CNET también está disponible en español.

Ir a español

Don't show this again

Ricoh GR Digital IV review:Ricoh GR Digital IV

  • 1
  • 2
  • 3
Typical Price: $799.00
Compare These

The Good Fast, fixed-focal-length lens. Great image quality. Rangefinder style.

The Bad Only VGA video capture. Very expensive.

The Bottom Line Designed for serious photographers, the Ricoh GR Digital IV will appeal, thanks to its fixed focal-length lens and its fast maximum aperture.

Visit manufacturer site for details.

8.0 Overall

Review Sections

Design and features

Ricoh has updated its rangefinder-esque camera, the GR Digital III, with this new model. External elements are all but identical to its predecessor, providing a reassuring upgrade to those photographers who are used to the Ricoh ecosystem.

With little to no badging identifying its brand on the front, and just a small sliver of silver underneath the 3-inch LCD screen at the back touting the brand name, you'd be forgiven for thinking that this camera wants to be a bit incognito. It's an all-black box (apart from the limited edition white colour), with a rubberised grip on the right-hand side, protruding from the diminutive frame, which adds a reasonable amount of bulk, weighing it down accordingly for one-handed shooters. It's a touch lighter than the older camera at 190 grams, rather than 208, with battery.

Elsewhere, there's a small flash nestled at the top corner that pops out only when needed via a dedicated switch on the side. The hotshoe is covered with a small plastic piece that can be removed to attach a viewfinder or external flash, and a standard shutter and power button can be found nearby.

The fixed-focal-length lens is the most interesting part of this camera, offering a great basis for anyone interested in street or situational photography. It's fast, too, with a maximum aperture of f/1.9. Behind it sits a new 10-megapixel 1/1.7-inch CCD sensor (the same size as the Canon PowerShot S100). The mode dial at the top houses all of the controls (full PASM as well as automatic, custom presets and scene options), and there's a small button that needs to be pressed slightly to turn the dial — useful for making sure that you don't accidentally switch between modes. At the rear is a four-way directional pad and a small smattering of other functional buttons.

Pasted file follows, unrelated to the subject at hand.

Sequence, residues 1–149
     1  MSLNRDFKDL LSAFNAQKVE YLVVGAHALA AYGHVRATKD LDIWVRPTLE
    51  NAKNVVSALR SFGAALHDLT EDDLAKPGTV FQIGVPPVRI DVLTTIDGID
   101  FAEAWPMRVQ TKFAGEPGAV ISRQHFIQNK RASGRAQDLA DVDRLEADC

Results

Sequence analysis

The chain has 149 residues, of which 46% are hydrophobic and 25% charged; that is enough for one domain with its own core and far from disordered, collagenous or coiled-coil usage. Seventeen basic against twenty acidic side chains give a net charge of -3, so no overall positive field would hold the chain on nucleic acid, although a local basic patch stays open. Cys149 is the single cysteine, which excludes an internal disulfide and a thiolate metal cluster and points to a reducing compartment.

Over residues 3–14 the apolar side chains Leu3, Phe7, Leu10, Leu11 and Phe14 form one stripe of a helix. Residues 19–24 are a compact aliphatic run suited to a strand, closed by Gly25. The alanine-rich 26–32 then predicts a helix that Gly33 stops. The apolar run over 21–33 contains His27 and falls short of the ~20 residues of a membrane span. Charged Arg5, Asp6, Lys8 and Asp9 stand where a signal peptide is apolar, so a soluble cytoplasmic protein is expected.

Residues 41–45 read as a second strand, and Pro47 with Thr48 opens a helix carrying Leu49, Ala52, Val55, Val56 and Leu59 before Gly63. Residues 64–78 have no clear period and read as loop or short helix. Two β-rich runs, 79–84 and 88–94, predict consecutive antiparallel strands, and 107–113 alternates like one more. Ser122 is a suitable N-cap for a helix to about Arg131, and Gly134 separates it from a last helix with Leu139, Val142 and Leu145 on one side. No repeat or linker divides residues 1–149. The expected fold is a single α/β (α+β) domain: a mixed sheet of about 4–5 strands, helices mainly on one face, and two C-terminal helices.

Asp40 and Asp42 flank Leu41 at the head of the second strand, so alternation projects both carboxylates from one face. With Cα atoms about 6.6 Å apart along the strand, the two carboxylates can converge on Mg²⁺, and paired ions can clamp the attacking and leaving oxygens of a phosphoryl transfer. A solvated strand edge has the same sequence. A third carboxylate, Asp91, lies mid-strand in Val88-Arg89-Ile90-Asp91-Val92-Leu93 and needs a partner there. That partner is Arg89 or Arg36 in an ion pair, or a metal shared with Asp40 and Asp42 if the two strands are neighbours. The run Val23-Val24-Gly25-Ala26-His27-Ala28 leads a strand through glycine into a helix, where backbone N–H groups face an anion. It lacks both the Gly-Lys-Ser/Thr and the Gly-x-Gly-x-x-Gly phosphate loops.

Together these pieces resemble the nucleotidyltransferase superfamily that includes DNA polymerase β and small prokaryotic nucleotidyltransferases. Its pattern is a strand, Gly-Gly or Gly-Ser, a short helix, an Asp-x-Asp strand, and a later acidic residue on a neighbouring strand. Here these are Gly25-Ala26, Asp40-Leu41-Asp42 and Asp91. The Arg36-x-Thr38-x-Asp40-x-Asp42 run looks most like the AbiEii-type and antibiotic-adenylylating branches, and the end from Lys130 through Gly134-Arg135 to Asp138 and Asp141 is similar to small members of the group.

Not only is the lens sharp for regular photography, it also excels at macro photos, too.
(Credit: CBSi)

New features also appear in the form of the image stabiliser, which Ricoh claims can achieve an effect equivalent to increasing the shutter speed by 3.2 stops. Like the earlier Digital III, the IV has multi-pattern white balance, which makes for better colour-balanced images.

Filters include the addition of positive film and bleach bypass to the existing settings, including vivid, black-and-white and cross-process effects. Scene modes also include a new interval composite mode, which combines images of the night sky to capture star trails. There's also a multiple exposure setting that can combine up to five images in one.

Fortunately, the Digital IV carries over the high-resolution, 3-inch, 1.23 million dot screen, and it can capture JPEG and RAW images (though not simultaneously). Video capture is a measly VGA only, though.

Compared to

XZ-1 vs
Canon PowerShot S100 Ricoh GR Digital IV Olympus XZ-1 Panasonic LX5
12.1-megapixel CMOS sensor (1/1.7-inch) 10-megapixel CCD sensor (1/1.7-inch) 10-megapixel CCD sensor (1/1.63-inch) 10-megapixel CCD sensor (1/1.63-inch)
3-inch, 461,000-dot LCD 3-inch, 1,230,000-dot LCD 3-inch, 610,000-dot OLED 3-inch, 460,000-dot LCD
5x optical zoom, 24mm wide-angle No optical zoom, 24mm wide-angle 4x optical zoom, 28mm wide-angle 3.8x optical zoom, 24mm wide-angle
Full HD video (H.264, 1080p, 24fps) VGA video (AVI, 30fps) HD video (Motion JPEG, 720p, 30fps) HD video (AVCHD Lite, 720p, 30fps)
Pop-up flash Pop-up flash Pop-up flash Pop-up flash

Performance

General shooting metrics (in seconds)

  • Time to first shot
  • JPEG shot-to-shot time
  • RAW shot-to-shot time
  • Shutter lag
  • 1.41.11.90.3
    Olympus XZ-1
  • 2.21.42.60.3
    Panasonic Lumix LX5
  • 2.33.13.70.4
    Canon PowerShot S100
  • 2.51.340.1
    Ricoh GR Digital IV

(Shorter bars indicate better performance)

Continuous shooting speed

  • 2.6
    Panasonic Lumix LX5
  • 2.5
    Canon PowerShot S100
  • 2.3
    Ricoh GR Digital IV
  • 2.1
    Olympus XZ-1

(Longer bars indicate better performance)

  • Fujifilm X100F

    Starting at: $1,374.00

    With a new sensor, better autofocus system and more streamlined design, the X100 line...

  • Nikon D7200

    It's a lot like its predecessor, but for the most part, that's okay.

  • Nikon D500

    Starting at: $2,790.00

    Fast and flexible, the Nikon D500 is one of the best dSLRs you can buy for under $2,000.

  • Sony Alpha A6000

    Starting at: $809.00

    Sony's follow-up to its NEX-6 laps the field with its 11fps burst and comfortable design.

  • Sony Alpha A7

    Starting at: $1,099.00

    This compact interchangeable-lens model is a great step-up from APS-C models, as long...

This week on CNET News

Discuss Ricoh GR Digital IV